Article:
In 1965, she made her Broadway debut in Entertaining Mr Sloane. In 1978, she played Miss Hannigan in the original London cast of the musical Annie and two years later, she played Mrs Lovett in the original London production of the musical Sweeney Todd at the Theatre Royal, Drury Lane; her portrayal was described as having "caught the love-story element perfectly.
Hancock has appeared in The Winter's Tale, Titus Andronicus and A Delicate Balance for the Royal Shakespeare Company. At the National Theatre she has appeared in Neil Bartlett's In Extremis/ De Profundis, The Cherry Orchard and The Duchess of Malfi. As the first woman Artistic Director of their tour she also directed A Midsummer Night's Dream for the RSC and was the first woman to direct in the Olivier Theatre at the National Theatre on The Critic. She was also associate Artistic Director of the Cambridge Theatre Company.
Hancock took the role of Rose in the West Yorkshire Playhouse Company Christmas 1993 production of Gypsy; a reviewer commented that she "certainly had the measure of Rose... 'Everything's coming up roses' brought the first hint of true pathos into the show", while in the final scene "her wild fluctuations between self-belief and self-doubt ended in tear-jerking self-awareness".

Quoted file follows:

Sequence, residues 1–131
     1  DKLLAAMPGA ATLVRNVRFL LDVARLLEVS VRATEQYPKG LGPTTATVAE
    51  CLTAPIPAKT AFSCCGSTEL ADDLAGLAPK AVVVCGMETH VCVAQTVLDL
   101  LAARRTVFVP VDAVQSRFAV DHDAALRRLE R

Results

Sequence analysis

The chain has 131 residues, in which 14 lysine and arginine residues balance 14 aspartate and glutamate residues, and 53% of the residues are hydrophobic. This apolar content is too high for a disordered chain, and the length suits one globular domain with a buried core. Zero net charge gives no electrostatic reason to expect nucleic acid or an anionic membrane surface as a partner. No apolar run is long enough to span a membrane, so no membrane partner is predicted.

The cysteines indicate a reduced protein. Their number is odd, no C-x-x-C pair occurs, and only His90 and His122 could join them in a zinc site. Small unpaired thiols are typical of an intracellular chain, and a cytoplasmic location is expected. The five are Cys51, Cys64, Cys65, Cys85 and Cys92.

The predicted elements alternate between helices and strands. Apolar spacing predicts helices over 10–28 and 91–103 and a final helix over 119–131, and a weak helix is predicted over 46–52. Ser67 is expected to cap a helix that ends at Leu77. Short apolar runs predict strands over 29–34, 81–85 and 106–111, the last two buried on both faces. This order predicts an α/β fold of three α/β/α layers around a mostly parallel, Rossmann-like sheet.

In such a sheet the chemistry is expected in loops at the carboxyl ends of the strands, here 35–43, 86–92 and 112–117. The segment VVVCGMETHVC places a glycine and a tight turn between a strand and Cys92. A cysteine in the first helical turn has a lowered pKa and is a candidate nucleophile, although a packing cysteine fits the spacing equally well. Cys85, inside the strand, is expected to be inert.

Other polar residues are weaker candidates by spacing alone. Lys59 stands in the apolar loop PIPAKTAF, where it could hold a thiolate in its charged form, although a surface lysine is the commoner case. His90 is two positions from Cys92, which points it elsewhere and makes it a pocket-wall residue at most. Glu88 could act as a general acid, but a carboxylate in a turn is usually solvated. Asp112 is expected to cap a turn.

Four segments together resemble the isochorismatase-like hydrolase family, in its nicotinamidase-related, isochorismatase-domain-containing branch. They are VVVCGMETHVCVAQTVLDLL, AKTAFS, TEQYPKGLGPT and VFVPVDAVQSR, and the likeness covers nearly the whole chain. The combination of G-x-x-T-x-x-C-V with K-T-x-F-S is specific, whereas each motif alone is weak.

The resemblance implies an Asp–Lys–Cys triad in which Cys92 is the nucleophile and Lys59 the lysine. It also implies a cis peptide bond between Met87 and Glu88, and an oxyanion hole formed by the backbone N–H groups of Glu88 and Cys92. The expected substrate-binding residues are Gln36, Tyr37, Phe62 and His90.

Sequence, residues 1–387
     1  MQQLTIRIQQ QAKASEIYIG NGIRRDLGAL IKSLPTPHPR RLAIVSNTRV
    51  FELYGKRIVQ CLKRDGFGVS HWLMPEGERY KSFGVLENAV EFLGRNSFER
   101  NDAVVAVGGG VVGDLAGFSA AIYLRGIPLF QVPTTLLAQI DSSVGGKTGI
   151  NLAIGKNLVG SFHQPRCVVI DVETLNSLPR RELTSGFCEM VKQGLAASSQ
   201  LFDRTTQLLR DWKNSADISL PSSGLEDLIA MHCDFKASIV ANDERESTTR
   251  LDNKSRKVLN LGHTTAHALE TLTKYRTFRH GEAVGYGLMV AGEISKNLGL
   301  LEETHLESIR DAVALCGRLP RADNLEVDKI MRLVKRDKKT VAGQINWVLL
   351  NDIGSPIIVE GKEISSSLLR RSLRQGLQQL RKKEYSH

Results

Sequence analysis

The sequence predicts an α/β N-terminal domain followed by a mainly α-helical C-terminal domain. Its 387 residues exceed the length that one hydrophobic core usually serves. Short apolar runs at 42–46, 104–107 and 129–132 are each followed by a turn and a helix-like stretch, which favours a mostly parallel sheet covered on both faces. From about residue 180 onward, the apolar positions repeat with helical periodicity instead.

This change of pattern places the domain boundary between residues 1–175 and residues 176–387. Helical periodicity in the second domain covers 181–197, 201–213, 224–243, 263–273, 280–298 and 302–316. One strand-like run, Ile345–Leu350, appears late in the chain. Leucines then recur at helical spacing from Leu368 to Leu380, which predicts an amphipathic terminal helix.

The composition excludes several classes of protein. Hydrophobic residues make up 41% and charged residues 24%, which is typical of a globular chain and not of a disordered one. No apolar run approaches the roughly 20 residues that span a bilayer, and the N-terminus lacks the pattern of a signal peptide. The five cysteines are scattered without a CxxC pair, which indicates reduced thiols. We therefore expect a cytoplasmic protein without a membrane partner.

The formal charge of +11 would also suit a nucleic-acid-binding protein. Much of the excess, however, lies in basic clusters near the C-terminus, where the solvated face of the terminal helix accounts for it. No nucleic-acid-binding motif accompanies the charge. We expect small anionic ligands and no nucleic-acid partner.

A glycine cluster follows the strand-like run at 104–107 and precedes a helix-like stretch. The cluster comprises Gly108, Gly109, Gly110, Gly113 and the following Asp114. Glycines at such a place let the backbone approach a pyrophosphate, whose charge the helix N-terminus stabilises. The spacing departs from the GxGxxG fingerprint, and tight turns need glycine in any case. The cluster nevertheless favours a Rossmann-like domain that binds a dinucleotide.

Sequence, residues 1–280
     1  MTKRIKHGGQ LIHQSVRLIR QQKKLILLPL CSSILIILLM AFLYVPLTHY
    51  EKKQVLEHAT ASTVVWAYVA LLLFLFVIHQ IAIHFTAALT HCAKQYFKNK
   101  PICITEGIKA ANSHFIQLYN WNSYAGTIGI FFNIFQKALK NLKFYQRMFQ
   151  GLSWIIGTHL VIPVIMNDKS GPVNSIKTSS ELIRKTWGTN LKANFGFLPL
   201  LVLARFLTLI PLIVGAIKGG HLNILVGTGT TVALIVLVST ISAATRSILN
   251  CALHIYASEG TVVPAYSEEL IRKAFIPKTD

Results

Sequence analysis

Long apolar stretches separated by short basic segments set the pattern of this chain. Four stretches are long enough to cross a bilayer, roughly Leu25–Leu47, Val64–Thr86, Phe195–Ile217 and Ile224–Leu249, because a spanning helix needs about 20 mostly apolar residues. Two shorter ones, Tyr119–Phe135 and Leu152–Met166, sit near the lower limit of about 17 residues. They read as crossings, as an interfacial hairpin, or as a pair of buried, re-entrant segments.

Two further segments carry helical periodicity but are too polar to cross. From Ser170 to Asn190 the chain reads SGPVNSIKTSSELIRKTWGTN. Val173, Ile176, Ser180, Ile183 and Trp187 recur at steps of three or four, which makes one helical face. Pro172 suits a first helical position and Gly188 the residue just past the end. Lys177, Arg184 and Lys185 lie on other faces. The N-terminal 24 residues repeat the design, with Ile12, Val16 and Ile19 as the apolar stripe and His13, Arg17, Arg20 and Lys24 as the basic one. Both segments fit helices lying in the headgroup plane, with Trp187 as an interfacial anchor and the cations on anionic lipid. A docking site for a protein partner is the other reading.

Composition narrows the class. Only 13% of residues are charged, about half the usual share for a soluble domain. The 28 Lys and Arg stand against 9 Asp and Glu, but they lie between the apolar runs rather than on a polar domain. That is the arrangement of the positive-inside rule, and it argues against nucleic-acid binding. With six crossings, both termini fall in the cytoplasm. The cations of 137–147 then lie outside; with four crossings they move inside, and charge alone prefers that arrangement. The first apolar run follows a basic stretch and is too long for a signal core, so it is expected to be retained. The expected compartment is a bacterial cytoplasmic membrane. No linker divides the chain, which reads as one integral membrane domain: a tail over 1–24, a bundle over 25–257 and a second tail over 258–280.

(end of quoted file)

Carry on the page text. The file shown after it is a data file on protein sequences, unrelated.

In 2006, Hancock played the role of Fraulein Schneider in the West End revival of the musical Cabaret at the Lyric Theatre. She won the Laurence Olivier Award, and the Clarence Derwent Award, for Best Performance in a Supporting Role in a Musical. In 2009, she spent over a year playing Mother Superior in Sister Act the Musical at the London Palladium for which she was nominated for an Olivier Award.
In 2013, Hancock starred alongside Lee Evans and Keeley Hawes in the comedy Barking in Essex at Wyndham's Theatre.
In 2016, Hancock starred with Jenna Russell in the UK premiere of the musical Grey Gardens at the Southwark Playhouse.
In 2018, Hancock starred in Harold and Maude at the Charing Cross Theatre, London.
In 2019, Hancock starred in This Is My Family at the Minerva Theatre, Chichester.
Hancock's first big television role was as Carol in the BBC sitcom The Rag Trade in the early 1960s. She also played the lead roles in the sitcoms The Bed-Sit Girl, Mr Digby Darling, The Secretary Bird and Now Take My Wife. Her other television credits include Doctor Who (playing a parody of Margaret Thatcher in The Happiness Patrol), Kavanagh QC (opposite her husband, John Thaw), Gone to the Dogs, Brighton Belles, EastEnders, The Russian Bride, Bedtime, Fortysomething, Feather Boy, Bleak House, New Tricks, Hustle and The Catherine Tate Show. In 2008, she played the part of a terminally ill patient who travelled to Switzerland for an assisted suicide in one of The Last Word monologues for the BBC, in a role that was written especially for her by Hugo Blick. In 2009, she played Liz in The Rain Has Stopped, part of the BBC daytime mini-series Moving On.